Michael Brown has written a brilliant, encyclopaedic but ultimately unconvincing book addressing an important subject that has for too long remained a closely guarded secret. A few minutes on Google Scholar will confirm that most references to the ‘Irish Enlightenment’ date from the last ten years. Scare quotes and question marks recur, emphasising the insecure status of this late arrival on the intellectual scene. The impact of the European Enlightenment on 18th-century Ireland has long been acknowledged, particularly since Marianne Elliott’s path-breaking studies of Wolfe Tone and the United Irishmen in the 1980s.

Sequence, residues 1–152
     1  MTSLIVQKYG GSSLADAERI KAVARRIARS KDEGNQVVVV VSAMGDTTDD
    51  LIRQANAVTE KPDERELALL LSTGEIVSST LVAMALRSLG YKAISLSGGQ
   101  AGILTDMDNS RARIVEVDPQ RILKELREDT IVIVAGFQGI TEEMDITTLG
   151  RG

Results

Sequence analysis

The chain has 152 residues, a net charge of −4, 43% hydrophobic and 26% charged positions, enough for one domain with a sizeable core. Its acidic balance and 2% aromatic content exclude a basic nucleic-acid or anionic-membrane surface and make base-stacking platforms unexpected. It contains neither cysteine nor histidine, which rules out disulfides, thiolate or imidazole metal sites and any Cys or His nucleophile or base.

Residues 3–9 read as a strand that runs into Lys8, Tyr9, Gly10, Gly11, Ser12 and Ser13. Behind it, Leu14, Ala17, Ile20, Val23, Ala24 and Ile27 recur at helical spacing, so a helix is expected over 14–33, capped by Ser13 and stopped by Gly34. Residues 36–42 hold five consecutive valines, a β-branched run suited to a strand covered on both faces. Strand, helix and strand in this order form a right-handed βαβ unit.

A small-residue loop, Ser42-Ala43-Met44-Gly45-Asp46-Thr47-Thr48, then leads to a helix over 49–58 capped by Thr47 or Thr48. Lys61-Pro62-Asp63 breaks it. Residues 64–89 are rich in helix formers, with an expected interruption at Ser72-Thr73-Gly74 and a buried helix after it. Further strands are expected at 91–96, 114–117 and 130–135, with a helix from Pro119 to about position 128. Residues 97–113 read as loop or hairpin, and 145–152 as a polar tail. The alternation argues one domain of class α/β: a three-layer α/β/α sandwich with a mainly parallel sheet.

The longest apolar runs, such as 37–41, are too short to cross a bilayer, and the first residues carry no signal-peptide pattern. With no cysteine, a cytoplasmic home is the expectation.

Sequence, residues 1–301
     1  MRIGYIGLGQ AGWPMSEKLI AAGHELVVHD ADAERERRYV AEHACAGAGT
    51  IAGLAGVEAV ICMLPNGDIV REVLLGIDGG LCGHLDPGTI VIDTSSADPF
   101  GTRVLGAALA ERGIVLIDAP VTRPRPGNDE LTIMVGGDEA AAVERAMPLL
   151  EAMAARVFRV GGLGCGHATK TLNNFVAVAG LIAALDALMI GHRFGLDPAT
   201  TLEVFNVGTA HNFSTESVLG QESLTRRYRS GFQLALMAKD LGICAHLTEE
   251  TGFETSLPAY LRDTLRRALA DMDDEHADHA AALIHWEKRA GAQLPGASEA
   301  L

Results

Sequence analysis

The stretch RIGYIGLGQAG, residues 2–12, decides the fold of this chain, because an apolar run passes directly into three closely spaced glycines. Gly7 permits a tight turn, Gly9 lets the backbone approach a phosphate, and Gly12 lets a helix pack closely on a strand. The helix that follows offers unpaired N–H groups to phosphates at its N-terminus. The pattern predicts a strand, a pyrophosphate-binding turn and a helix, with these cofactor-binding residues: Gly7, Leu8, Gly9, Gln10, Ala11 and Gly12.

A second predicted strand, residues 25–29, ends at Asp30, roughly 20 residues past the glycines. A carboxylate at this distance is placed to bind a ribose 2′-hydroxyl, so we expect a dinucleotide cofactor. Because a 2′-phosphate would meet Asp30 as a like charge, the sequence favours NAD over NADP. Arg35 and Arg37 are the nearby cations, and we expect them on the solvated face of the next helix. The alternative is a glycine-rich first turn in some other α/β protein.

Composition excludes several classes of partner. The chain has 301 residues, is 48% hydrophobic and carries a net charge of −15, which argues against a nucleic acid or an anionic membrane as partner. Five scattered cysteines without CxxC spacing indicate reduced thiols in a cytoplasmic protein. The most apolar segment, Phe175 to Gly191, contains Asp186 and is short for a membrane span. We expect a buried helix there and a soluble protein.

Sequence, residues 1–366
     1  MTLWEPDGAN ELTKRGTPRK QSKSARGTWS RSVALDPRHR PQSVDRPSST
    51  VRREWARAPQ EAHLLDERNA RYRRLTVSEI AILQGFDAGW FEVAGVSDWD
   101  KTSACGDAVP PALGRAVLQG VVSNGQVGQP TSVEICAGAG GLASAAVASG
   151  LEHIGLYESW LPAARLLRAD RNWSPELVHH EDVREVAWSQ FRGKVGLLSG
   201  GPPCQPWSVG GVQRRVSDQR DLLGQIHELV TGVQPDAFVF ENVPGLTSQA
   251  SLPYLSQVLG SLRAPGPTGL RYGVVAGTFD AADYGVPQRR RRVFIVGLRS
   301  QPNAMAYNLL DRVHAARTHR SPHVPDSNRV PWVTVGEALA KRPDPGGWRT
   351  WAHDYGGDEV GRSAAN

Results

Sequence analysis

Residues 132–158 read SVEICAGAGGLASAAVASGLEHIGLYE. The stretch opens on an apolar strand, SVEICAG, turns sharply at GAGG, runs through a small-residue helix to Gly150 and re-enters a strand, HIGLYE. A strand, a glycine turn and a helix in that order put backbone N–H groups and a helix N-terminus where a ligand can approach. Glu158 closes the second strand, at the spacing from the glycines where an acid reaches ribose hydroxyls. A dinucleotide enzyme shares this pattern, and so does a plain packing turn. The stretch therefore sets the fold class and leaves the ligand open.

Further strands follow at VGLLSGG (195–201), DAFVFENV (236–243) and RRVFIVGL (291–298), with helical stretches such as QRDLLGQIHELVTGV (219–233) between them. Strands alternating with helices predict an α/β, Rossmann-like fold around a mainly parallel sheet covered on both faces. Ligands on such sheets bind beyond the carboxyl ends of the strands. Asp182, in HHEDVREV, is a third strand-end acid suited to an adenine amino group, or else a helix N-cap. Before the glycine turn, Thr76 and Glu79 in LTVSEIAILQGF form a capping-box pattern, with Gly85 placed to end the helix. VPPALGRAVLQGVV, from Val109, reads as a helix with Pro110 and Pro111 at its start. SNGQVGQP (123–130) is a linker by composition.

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'Thirkell was a product of her time and her class. For her there are no sacred cows, barring those that win ribbons at the Barchester Agricultural.'
The novelist Angela Thirkell is due a revival, says Patricia T O'Conner (£).
'Only in Britain, perhaps, could spy chiefs – conventionally viewed as masters of subterfuge – be so highly regarded as ethical guides.'
In this month's Bookends, @AdamCSDouglas looks at the curious life of Henry Labouchere: a friend of Bram Stoker, 'loose cannon', and architect of the law that outlawed homosexual activity in Britain.